The very mention of diamond evokes fantasies of fabulous riches and dreams of love and power. Up to the Middle Ages they were so rare and expensive that only royalty could afford diamonds. But in modern times even ordinary people are able to possess a few, thanks to the discovery of numerous diamond deposits elsewhere on the planet plus high, albeit controlled, production.
Diamonds were discovered in India by the 4th century BCE. In addition to the diamond legends, India yielded many legendary diamonds, including the Koh-i-Noor, the Orlov, the Hope, and the Sancy. Today the Majhgawan pipe, a primary source near Panna, is the India’s only producing diamond source.
At one time, India appears to have been the only source of this valuable gem until about the early eighteenth century when diamonds were discovered in Borneo and later elsewhere, such as in South Africa and Russia. Although ancient Sanskrit texts mention several areas where diamonds were found, verifiable historical records are available for only a few deposits. Mining activities in southern India – which in its time was the leading producer of this gem and had yielded some of the most famous stones in history – gradually declined and had become defunct by the time diamonds were discovered elsewhere in the world.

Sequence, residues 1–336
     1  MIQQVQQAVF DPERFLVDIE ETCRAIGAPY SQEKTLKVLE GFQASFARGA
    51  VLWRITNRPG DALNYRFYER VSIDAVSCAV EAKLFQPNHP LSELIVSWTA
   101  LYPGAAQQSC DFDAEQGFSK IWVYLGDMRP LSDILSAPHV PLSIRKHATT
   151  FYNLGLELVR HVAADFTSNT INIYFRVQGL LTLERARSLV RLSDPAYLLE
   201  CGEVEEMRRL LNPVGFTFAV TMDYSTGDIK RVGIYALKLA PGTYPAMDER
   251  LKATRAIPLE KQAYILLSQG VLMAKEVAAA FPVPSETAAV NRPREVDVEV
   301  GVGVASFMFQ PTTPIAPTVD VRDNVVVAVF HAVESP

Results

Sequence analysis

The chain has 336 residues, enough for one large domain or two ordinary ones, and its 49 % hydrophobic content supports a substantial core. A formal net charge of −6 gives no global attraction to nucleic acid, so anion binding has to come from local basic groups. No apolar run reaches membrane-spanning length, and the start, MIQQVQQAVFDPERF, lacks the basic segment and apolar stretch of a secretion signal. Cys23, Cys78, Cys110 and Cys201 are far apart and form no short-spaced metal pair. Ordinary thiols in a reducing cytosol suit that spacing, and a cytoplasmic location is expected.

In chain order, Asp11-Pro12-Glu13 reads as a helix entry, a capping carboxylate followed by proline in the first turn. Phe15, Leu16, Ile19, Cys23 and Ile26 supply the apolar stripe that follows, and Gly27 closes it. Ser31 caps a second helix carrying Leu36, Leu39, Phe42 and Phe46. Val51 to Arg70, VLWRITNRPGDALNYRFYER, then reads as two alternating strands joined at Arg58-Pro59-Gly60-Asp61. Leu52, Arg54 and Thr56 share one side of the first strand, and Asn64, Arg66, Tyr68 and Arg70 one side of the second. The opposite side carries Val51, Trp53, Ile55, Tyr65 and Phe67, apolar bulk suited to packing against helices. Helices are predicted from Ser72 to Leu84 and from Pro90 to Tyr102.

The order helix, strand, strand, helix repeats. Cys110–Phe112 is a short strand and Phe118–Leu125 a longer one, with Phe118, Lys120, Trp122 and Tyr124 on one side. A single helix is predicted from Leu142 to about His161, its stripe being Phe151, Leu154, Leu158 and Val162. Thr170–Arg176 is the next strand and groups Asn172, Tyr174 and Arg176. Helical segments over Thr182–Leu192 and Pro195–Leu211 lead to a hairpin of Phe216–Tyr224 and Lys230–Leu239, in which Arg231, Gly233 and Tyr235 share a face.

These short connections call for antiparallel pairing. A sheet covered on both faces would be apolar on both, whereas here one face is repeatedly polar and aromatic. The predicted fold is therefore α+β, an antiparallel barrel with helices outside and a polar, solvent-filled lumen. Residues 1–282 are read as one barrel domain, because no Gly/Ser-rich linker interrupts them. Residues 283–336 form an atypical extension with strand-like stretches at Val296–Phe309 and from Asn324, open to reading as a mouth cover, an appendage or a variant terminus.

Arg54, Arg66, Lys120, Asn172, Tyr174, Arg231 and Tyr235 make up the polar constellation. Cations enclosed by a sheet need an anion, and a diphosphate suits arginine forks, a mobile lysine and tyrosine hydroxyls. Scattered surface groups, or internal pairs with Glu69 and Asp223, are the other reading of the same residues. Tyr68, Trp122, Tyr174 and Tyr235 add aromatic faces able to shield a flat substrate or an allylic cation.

The 1867 discovery of diamonds in the Cape Colony, now a province in South Africa, changed forever the supply and marketing of diamonds. As annual world diamond production increased exponentially, a once extremely rare material became more accessible to Western society with its growing wealth, science learned that diamonds came from volcanoes, and everyone learned of Cecil John Rhodes, Barney Barnato, Kimberley, and De Beers. Today South Africa maintains its position as a major diamond producer. If not for the controlled production and distribution of the South African diamond mines, diamonds could have been easily devalued and lost much the mystique they hold for us today.